Question submitted from reader:  "What are the top 10 or so questions (what & why ask) you would ask yourself when looking at packets you suspect contain evil?"  Two things with this question.  First, the indicators you received, alerts, users calling, etc. are a good way to point yourself in the right direction of things to look at initially.  Start narrow and work your way wider when looking at the packets.  Second,  I would modify the thought process when looking at packets.  Don't automatically assume evil!  Why you might ask?  Because I have watched people try to force packets into being malicious in nature to support their theory, when in reality something was just broke or it was normal behavior!   Yet they were convinced something evil was going on and had management all spun up.  Look at packets from a clean slate of what are they telling you!  Don't assume one way or other.  The packets are innocent until proven guilty:)  Here's a past diary example of suspicious behavior being "normal":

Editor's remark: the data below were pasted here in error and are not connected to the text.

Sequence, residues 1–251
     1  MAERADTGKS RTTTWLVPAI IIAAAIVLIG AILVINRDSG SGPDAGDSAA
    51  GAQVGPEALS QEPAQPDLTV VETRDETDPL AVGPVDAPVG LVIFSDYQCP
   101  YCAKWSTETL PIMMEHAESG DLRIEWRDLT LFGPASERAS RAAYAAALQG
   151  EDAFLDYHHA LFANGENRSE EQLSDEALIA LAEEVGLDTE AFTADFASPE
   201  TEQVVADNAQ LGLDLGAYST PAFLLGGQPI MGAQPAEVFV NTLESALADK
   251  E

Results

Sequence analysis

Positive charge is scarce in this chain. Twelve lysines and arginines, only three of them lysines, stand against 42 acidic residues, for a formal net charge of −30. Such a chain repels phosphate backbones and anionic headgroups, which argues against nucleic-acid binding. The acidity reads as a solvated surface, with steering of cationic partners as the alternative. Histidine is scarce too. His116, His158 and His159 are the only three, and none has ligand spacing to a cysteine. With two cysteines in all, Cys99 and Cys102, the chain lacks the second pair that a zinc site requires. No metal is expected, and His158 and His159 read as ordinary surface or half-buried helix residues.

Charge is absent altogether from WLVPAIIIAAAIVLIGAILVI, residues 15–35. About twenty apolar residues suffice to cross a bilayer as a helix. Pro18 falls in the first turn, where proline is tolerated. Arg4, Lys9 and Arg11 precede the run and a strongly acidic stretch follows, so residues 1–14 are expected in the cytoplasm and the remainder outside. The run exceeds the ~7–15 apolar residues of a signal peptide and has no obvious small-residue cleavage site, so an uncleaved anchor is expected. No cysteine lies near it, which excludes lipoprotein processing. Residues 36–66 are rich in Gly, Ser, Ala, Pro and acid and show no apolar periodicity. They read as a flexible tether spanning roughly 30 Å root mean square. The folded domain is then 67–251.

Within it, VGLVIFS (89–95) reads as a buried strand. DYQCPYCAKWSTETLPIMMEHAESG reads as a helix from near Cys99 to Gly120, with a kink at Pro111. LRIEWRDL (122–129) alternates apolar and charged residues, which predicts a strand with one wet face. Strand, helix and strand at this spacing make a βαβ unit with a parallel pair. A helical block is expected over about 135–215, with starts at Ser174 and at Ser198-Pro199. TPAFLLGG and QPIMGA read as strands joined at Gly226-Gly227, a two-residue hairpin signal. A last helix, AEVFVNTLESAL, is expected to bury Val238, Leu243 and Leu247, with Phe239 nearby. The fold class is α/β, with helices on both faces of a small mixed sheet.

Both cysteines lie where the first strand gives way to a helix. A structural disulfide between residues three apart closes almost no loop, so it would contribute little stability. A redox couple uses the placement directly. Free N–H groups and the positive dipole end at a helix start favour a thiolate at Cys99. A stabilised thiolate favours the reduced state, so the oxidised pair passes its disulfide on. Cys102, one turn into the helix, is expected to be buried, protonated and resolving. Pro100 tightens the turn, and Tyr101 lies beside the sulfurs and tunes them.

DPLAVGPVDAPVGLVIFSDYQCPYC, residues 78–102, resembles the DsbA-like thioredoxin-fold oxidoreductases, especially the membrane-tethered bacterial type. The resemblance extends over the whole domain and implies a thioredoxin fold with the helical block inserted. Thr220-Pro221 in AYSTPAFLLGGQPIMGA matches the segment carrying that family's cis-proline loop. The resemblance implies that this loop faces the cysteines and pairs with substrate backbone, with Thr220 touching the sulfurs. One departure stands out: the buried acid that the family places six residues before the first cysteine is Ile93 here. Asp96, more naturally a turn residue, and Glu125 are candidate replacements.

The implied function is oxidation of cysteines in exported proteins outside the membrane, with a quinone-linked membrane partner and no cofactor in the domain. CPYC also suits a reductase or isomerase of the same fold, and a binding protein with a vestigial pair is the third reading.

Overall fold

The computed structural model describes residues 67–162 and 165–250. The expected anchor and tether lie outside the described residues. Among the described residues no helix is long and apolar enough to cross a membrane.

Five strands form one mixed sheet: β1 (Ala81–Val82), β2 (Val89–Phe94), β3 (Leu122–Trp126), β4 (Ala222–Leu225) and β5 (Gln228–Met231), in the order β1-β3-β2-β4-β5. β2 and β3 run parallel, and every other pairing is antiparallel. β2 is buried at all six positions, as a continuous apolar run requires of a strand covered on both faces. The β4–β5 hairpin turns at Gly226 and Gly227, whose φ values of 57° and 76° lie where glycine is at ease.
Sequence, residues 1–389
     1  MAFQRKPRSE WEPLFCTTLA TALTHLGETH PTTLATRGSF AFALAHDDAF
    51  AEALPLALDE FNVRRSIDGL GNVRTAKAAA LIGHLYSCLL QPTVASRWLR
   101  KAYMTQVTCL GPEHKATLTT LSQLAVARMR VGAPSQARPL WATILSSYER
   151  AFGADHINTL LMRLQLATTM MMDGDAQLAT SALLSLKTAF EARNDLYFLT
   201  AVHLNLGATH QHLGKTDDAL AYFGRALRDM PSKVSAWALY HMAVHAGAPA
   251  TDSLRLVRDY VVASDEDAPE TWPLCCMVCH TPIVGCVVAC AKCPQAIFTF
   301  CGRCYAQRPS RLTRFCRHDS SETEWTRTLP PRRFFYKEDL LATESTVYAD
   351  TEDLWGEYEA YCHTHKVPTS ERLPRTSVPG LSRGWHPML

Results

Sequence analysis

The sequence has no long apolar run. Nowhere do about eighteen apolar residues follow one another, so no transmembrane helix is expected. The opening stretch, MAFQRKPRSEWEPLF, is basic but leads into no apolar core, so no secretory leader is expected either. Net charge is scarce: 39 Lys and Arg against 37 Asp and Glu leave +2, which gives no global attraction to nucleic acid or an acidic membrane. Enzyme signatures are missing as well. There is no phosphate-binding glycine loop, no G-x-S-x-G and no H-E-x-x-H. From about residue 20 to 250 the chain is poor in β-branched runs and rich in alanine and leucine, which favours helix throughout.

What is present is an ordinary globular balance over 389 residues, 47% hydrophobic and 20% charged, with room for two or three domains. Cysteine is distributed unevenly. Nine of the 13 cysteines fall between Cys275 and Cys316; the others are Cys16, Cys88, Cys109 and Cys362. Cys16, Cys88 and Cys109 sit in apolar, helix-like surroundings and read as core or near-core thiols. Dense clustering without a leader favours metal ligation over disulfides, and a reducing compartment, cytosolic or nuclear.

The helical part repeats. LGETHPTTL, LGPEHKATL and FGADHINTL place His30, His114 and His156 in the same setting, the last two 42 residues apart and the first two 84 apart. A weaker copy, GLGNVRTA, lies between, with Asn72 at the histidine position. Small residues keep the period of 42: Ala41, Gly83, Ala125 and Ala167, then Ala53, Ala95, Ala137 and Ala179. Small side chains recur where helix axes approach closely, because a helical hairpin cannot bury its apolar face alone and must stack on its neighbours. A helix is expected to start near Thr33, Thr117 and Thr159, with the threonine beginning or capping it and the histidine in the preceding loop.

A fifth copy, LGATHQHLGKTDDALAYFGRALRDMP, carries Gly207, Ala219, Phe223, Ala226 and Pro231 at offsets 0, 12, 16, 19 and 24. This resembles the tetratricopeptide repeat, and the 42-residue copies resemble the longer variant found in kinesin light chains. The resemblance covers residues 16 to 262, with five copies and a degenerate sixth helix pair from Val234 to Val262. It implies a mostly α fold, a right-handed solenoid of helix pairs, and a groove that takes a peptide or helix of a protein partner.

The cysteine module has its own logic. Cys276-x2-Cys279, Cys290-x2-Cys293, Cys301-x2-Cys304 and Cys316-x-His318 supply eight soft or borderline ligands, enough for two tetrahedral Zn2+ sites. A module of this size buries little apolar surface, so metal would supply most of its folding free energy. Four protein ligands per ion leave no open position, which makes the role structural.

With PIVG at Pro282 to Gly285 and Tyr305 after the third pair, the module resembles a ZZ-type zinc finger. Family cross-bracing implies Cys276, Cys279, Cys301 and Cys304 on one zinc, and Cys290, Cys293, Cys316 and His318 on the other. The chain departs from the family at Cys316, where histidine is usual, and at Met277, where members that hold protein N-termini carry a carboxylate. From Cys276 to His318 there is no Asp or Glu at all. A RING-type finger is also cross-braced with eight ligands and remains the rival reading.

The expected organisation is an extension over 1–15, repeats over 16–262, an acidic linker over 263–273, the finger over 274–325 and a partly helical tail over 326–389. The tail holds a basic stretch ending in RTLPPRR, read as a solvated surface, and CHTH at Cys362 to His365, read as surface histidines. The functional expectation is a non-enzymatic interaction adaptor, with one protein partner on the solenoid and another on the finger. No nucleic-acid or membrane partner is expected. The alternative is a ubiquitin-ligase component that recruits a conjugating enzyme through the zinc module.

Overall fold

Here is what the reader submitted: 

  1. Look for what IP went to an IP of interest --> Who followed a link, uploaded some data, etc.
  2. Look for a file that was downloaded --> Looking for malicious files to see if machine got infected
  3. Look for when (time) a file was downloaded --> To see if data exfiltration or strange behavior started soon after
  4. Look for the dst IP and port used --> To review the data going out the door
  5. Check DNS TTL --> Low TTLs might be an indication of malicious intent or Flux botnet